I applaud her efforts, will, and desire, but am concerned that governments & commercial vessels are left to pick up the pieces of an ill timed (but not ill conceived) venture.
13 Friday, 11 June 2010 14:55
TS
What kind of idiot(s) let a 16 year old sail around the world? They can hardly drive at 16 let alone sail.
I think this is child abuse.
12 Friday, 11 June 2010 14:52
Anonymous
Im glad she is safe but now thats over I expect the parents to pay for every penny it cost to search and to rescue her...I mean they expected people to just jump when they said jump..see thats the rich and elites attitudes..I sent my 16 year old daughter into the ocean alone (stupid) and oh wait things are going wrong SAVE HER NOW!!!! Not a hero just a little girl that has an overinflated ego and parents with to much money. Now its time to spend it paying it back!!
I watched her interviews and to be honest she wasn't any different than all 16 year olds very awkward in her speach and not very articulate really.
11 Friday, 11 June 2010 14:48
Peter Premo
Thank god she was found alive. Not only should the family pay for all expenses but they should get their heads examined. This was an idiotic adventure and very dangerous with totally unrealistic expectations.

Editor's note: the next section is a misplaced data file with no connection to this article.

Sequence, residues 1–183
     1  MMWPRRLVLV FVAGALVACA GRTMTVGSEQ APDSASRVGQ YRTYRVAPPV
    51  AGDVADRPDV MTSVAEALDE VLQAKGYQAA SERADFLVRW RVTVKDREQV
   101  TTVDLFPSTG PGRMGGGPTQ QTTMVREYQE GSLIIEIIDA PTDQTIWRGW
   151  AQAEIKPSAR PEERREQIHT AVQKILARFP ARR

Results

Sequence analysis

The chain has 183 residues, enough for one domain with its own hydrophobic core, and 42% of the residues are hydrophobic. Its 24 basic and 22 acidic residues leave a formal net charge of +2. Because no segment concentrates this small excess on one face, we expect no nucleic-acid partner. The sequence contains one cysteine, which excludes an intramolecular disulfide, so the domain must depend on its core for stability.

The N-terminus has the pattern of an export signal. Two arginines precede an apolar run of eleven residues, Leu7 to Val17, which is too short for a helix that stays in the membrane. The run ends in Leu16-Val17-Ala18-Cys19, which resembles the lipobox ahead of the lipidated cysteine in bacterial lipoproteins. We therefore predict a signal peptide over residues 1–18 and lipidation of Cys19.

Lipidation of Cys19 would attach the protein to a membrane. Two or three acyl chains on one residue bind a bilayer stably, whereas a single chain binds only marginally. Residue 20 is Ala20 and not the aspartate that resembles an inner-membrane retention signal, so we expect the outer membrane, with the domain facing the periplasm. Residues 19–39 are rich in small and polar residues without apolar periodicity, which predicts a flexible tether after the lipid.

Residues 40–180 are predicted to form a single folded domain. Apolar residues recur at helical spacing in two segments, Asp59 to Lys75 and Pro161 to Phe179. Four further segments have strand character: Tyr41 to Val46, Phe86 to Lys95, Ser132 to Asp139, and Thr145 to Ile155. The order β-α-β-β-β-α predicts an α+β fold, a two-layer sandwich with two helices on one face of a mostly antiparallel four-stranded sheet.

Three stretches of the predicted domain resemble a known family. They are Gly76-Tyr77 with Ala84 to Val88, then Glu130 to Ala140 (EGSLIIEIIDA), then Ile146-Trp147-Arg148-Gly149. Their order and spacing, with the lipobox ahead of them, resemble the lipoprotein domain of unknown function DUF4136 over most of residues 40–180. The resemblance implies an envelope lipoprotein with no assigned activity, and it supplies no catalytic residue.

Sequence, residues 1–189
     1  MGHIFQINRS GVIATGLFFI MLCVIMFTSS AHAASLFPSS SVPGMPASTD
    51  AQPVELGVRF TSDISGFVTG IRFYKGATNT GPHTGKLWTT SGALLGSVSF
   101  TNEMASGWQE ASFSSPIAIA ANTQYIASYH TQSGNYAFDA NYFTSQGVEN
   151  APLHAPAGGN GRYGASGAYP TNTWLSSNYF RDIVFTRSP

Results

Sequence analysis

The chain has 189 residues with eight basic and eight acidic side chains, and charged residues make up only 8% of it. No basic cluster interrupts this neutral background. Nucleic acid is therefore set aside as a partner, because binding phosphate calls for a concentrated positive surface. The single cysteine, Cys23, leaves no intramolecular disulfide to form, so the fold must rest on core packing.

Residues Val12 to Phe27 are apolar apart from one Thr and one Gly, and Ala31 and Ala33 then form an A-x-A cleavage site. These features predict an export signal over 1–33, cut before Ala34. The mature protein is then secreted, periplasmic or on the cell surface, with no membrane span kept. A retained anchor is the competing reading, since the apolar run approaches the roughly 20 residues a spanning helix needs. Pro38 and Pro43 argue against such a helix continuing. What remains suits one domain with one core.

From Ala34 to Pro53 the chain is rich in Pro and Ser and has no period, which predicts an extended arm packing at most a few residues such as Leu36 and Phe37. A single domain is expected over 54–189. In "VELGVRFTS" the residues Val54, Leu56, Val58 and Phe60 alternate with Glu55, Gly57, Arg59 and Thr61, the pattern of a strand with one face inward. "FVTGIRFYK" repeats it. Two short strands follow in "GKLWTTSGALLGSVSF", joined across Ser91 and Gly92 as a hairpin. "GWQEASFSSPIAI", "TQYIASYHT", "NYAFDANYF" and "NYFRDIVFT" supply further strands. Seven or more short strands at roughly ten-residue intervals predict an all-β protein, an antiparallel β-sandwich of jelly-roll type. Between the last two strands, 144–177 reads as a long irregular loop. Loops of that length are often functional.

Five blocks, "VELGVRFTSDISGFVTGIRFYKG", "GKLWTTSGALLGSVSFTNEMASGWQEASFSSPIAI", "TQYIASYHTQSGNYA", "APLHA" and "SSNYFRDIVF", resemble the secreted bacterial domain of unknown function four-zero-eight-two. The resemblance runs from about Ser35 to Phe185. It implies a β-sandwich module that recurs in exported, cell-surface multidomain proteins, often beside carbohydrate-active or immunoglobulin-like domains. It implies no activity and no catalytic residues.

10 Friday, 11 June 2010 14:33
SkipperB
Who appointed Kevin and DLawson judges? Solo ocean sailing is part of human heritage and nobody gets to judge those that endeavor in it. The SAR efforts are always ongoing and that is how the crews get experience. Sounds like you guys have never sailed in the open ocean. Fine to voice your opinion but no one has the right to judge.
9 Friday, 11 June 2010 14:31
Aly
DLawson....are you serious? This was her dream...something she always wanted to do. Everyone should fight for that in their lifetime. I am sure that her family is fully aware of the crisis that are going on around this world and I would bet that they have done their share of community service. This isn't one of those pampered spoiled brats that gets her nails done, sips martinis, and sits by her pool in hollywood every day. She is out doing something more ambitious and courageous that most people do in their lifetimes. It may be Daddy's money, but I believe that it went to good use. This experience will be one that she will carry for the rest of her life. I am sure that her character has been tried, humbled, and strengthened since this journey began. She probably learned more about herself during the course of this voyage that she will at any one point in her life. She couldn't think like a 16 yr old on this journey. She had to be a full on adult who was able to think quickly, rationally, and responsibly this entire trip. Give her some credit. Now don't you think that was maybe worth spending "Daddy's" money on? When I heard about her journey I was elated for her, a little nervous, but was cheering her on all the same. I for one am glad she is safe...and now she has a great story to tell.